I actually love assembling things and have since I was a very young child. The more parts it has, the better I like it. Call me weird.

It is frustrating when the directions are poorly written, though.

RichRed
12-19-2007, 12:10 PM
For me, Some Assembly Required equates to Excessive Profanity Inevitable.

cumberlandreds
12-19-2007, 12:13 PM
When I see these three dreaded words I know it's going to be a bad evening and that I am going get very frustrated and angry.

SunDeck
12-19-2007, 01:03 PM
It's not the assembly I hate- it's trying to make sense of the directions written by some guy in China.

gonelong
12-19-2007, 01:27 PM
I actually love assembling things and have since I was a very young child. The more parts it has, the better I like it. Call me weird.

It is frustrating when the directions are poorly written, though.


I love it too, bring it on. I generally don't bother with the instructions unless I think there is a decenct chance for me to screw something up.

Christmas morning I bring my toolbox in with me and set it beside the couch.

Mrs. Gonelong prepares by keeping a list of batteries that will be needed and stocking up on them. The boy is 4 this year. I suggested we wrap all the batteries and stuff that far under the tree. When the boy is opening gifts we'd keep telling him that it takes batteries and that we don't have any. Then, the last present he opens from Santa is a whole pile of batteries to run everything he just opened. I think he'd think Santa was pretty cool at that point. :cool:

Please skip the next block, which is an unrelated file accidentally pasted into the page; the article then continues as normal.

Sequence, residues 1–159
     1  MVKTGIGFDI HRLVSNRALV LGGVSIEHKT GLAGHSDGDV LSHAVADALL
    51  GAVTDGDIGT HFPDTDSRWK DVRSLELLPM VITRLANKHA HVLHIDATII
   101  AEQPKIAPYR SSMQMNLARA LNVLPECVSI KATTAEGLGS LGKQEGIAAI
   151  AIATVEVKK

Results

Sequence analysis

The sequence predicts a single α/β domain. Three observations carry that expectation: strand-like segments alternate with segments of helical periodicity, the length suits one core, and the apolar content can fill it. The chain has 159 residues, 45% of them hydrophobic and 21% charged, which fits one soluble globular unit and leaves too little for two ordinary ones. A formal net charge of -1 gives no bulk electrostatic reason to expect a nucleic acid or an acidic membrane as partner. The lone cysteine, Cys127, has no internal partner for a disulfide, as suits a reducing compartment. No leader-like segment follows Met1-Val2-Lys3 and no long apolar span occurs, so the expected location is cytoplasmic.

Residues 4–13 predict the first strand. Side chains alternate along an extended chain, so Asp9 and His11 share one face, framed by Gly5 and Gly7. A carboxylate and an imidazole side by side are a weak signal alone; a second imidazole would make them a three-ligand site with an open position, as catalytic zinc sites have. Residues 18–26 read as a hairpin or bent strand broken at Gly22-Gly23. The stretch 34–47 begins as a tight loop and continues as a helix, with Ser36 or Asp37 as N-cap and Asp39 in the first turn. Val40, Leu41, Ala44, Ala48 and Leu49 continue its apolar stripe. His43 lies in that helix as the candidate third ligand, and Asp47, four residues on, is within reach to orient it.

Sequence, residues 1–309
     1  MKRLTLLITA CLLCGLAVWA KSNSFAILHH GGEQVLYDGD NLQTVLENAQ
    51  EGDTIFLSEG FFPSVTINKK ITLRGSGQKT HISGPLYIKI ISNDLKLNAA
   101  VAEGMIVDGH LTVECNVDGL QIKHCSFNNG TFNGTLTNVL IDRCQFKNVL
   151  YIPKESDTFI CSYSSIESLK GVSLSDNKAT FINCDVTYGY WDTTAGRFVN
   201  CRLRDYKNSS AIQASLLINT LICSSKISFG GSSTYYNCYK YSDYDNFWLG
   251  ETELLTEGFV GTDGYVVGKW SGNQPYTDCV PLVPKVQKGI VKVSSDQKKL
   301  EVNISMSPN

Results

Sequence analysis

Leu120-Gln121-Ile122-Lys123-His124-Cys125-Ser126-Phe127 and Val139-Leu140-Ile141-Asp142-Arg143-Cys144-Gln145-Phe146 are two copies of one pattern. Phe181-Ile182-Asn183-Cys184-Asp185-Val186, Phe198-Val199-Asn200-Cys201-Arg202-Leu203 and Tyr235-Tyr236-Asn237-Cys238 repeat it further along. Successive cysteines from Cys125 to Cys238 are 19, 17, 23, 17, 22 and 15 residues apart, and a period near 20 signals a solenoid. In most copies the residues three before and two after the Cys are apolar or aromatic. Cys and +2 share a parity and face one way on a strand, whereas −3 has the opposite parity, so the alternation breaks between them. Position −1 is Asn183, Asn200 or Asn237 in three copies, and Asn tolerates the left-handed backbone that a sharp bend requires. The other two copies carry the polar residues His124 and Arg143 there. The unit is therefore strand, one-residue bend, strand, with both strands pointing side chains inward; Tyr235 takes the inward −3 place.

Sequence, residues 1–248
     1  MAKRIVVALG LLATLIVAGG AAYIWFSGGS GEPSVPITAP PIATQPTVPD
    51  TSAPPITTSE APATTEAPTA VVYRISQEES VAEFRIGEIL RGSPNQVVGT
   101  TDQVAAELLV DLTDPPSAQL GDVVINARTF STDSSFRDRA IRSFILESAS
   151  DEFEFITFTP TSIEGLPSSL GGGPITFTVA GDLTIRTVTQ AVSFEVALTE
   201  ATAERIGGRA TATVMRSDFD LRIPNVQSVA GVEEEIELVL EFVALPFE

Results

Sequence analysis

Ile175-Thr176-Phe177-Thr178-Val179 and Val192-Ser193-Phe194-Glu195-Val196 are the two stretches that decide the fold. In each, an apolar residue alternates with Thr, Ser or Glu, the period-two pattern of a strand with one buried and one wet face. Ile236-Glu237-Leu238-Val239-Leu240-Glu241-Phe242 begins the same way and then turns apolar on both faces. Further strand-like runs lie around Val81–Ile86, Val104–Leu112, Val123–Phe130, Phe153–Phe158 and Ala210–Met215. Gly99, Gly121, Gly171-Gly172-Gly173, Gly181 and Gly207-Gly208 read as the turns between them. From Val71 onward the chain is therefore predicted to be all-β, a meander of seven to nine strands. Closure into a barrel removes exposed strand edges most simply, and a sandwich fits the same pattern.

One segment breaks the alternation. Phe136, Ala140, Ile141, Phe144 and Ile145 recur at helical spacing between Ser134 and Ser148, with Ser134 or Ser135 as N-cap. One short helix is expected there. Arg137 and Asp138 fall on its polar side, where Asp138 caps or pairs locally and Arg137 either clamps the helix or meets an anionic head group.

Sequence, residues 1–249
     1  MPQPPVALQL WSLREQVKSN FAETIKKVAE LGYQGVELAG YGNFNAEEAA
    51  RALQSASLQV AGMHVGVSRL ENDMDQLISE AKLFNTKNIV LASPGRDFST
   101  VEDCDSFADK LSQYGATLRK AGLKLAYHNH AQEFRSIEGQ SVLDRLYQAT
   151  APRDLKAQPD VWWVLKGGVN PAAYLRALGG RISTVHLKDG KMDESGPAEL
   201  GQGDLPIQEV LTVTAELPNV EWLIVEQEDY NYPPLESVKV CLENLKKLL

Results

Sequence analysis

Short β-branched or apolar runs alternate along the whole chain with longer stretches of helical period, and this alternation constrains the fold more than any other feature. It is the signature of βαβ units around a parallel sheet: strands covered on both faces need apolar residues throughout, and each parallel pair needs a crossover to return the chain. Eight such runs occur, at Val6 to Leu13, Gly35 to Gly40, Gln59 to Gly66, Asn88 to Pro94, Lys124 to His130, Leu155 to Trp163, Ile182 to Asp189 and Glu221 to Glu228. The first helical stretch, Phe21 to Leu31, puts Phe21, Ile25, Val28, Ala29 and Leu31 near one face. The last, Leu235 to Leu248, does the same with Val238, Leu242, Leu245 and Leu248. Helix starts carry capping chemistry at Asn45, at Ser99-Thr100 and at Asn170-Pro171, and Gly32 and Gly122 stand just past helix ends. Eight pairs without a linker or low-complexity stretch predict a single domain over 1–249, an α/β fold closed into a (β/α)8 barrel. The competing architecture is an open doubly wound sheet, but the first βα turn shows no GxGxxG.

She thinks is a bit too much for a 4 year old. :)

GL

redhawkfish
12-19-2007, 01:45 PM
True story! My wife and I had just moved to a new house when my two year old daughter(she is now thirteen) brought me a srewdriver, and said "Daddy, here's your dammit!" I started to watch my language a little more then!:D